Ever wondered if you had a quick guide of Dos and Don'ts for an HTML based email newsletter. Here we have compiled one that serves as a ready reckoner.
HTML Coding Do’s
HTML Coding don’ts
HTML Coding Do’s
- Code HTML emails as a single Web page with the basic <HTML>, <HEAD>, <TITLE>, and <BODY> tags.
- Code emails by hand where possible, as WYSIWYG (What You See Is What You Get) editors typically add extra code that creates havoc with certain email clients. If you must use an editor, use Dreamweaver or Homesite, which do not add extra code to the design process.
- Use HTML tables for the design layout.
- Keep emails at a fixed width of between 500-620 pixels wide.
- Instead of defining percentage widths use fixed widths. While this is not optimal, because people can and do resize their email windows when reading, sometimes using a fixed width is the only way for a layout to display properly in multiple email software.
- Use only the ASCII character set. More advanced word-processing software often inserts odd characters, such as the trailing dot characters or smart quotes (curly instead of straight), which can hamper display or create delivery problems in some email software.
- If you use CSS, include inline styles. Do not link to an external style sheet nor use embedded styles, as this code is often stripped out by email clients, creating display problems.
- Make sure all tags have supporting closing tags. The most common HTML errors come from not having a closing </FONT> tag or having open <TD> or <TR> tags in the HTML. While your HTML might render properly in a browser, these errors can cause problems with many email clients.
- Use the HTML table attributes within the TABLE and TD tags.
- For example: to set the table border=0, valign=top, align=left (or center, if that is the design), cellpadding=0, cellspacing=0, and so on. This primarily helps older email readers to display the html email in a minimally-acceptable way.
- Put general font style information in the table TD or DIV or P tags closest to the content. This can mean repetitive style declarations in multiple TD cells or DIV’s or P tag. Put font style definitions into heading (e.g. H1, H2), P, or A tags only when necessary.
- Use DIVs sparingly to float small boxes of content and links to the right or left inside a table TD cell. Google Mail appears to ignore the CSS Float property but Yahoo! and Hotmail work fine. Outlook 2007 ignores floats.
- Sometimes it is better to code a more complex table layout than rely on the Float property. Since email is easy to clutter, ask that the design put the floated content in the narrow side column. Floats are the one part of an email design that might require the design be reworked.
- Animated GIF files are acceptable, but use them sparingly.
- Use of images maps is acceptable.
- If there is a spacing issue with the columns in the email design, first tweak the cellpadding and cellspacing attributes of the HTML tables. If that does not work, use CSS margin and padding attributes. HTML spacing works better with older email software than spacing with CSS.
- If an image is cut up and spread across several HTML table cells, test the email with many test accounts. Sometimes it looks great in Outlook but shifts by 1 pixel or more in Hotmail and other services. Also consider putting the image as a background image on a new html table that encases all the table rows and columns that would display parts of your background image. sometimes this achieves the same effect as cutting an image up but with less code and better results.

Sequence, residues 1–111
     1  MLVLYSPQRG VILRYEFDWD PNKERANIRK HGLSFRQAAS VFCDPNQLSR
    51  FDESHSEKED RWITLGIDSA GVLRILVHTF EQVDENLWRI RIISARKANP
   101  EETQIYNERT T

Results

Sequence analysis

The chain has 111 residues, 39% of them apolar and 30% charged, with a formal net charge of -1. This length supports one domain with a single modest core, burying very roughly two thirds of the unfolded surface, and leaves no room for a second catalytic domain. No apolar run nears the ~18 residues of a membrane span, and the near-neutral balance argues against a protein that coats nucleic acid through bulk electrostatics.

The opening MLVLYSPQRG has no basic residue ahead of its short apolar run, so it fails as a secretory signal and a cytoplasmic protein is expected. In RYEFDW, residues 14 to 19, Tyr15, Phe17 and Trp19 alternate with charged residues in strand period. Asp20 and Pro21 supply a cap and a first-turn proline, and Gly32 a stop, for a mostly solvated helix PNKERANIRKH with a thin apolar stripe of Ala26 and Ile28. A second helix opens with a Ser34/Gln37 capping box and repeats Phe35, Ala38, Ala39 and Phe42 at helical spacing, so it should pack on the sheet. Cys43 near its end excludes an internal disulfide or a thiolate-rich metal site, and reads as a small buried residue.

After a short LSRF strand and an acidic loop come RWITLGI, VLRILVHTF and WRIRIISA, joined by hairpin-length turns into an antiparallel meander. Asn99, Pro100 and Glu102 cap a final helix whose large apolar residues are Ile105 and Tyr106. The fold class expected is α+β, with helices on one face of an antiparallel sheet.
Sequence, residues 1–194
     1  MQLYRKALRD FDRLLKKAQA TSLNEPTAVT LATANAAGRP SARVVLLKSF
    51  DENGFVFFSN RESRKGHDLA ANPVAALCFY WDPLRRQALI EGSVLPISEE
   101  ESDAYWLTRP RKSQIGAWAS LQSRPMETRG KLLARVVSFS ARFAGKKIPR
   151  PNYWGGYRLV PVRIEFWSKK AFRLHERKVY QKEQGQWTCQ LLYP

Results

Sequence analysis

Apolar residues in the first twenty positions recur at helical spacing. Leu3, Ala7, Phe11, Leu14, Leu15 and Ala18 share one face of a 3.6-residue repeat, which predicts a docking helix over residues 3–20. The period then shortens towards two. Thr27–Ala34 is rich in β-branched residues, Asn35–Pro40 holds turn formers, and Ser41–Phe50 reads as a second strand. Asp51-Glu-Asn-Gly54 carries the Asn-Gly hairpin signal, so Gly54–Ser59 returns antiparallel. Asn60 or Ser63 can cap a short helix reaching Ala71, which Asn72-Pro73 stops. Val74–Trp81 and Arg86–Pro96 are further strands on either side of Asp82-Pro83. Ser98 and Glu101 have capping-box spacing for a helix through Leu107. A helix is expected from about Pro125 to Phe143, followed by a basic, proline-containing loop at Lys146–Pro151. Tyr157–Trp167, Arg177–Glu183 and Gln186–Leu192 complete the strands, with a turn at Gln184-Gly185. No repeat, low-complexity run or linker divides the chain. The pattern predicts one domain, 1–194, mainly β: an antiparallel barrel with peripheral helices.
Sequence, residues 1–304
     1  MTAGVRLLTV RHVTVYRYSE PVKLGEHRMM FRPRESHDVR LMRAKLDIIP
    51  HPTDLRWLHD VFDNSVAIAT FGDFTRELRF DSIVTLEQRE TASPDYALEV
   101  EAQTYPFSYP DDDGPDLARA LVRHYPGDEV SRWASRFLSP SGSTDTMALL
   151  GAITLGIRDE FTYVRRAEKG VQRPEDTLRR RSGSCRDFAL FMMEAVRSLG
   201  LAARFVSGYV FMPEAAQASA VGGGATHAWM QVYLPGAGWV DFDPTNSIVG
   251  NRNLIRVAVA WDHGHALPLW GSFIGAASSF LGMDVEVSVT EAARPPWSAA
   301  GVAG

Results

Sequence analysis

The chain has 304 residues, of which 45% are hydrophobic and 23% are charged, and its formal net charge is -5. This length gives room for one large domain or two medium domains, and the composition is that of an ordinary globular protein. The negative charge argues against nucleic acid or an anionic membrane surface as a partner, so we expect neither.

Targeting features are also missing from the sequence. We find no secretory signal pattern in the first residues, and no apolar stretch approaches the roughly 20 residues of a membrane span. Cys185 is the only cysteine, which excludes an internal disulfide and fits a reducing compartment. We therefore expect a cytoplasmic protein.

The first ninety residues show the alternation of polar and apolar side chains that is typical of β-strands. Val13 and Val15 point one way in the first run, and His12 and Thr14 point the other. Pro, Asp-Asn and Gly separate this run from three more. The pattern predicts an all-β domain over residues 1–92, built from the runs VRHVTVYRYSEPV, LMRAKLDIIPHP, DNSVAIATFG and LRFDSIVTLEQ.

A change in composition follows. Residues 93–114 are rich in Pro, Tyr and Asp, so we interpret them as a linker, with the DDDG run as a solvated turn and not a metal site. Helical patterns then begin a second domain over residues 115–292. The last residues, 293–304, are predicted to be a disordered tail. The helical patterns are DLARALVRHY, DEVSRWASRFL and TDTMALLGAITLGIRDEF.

- If you use background images, use the HTML table attribute background= instead of CSS. It works more consistently across email software except Outlook. Define appropriate bgcolor for the TD’s so that the color is displayed when the images are blocked.
- Be sure all your images use the alt tags, height, and width parameters. This helps with Google Mail as well as when a reader has their images turned off. However, Outlook 2007 does not recognize the alt= parameter.
- Use the target=”_blank” attribute for the HTML A tags so that people reading with a webmail service don’t have the requested page appear within their webmail interface.
- Avoid a big image above the fold in the email. This is another classic spammer practice and can increase the likelihood an email will be tagged as spam.
- Make sure your email content displays fine without images.
- Test your HTML code. Make sure your code conforms to World Wide Web Consortium (W3C) HTML standards
- When sending a multi-part message, remember to create the text version. Most email clients send HTML as a multi-part alternative by default. Failing to include the text part of the message can cause some filters to treat your email as spam.
HTML Coding don’ts
- Avoid using CSS for positioning. The support is very limited and will, more than likely, result in a broken layout for most of your recipients.
- Avoid nested tables if possible. Some email clients, especially Lotus Notes and Netscape Messenger, might not render them correctly.
- Do not use canvas background images. Most email clients do not display canvas background images. Background images for individual table cells are generally acceptable but might not appear in some clients such as Lotus Notes.
- Do not apply attributes to the <BODY> tag. Attributes placed in the <BODY> tag are often flagged by spam filters and increase the likelihood of your message getting bulked or blocked.
- With multiple embedded images, which also might cause the email to be blocked
- Do not use EMBED tags.
- Avoid embedding forms, such as surveys, into emails. Some email clients such as Hotmail might not pass the data through to the collection point. Instead, link to a Web form through which the recipient can complete the survey.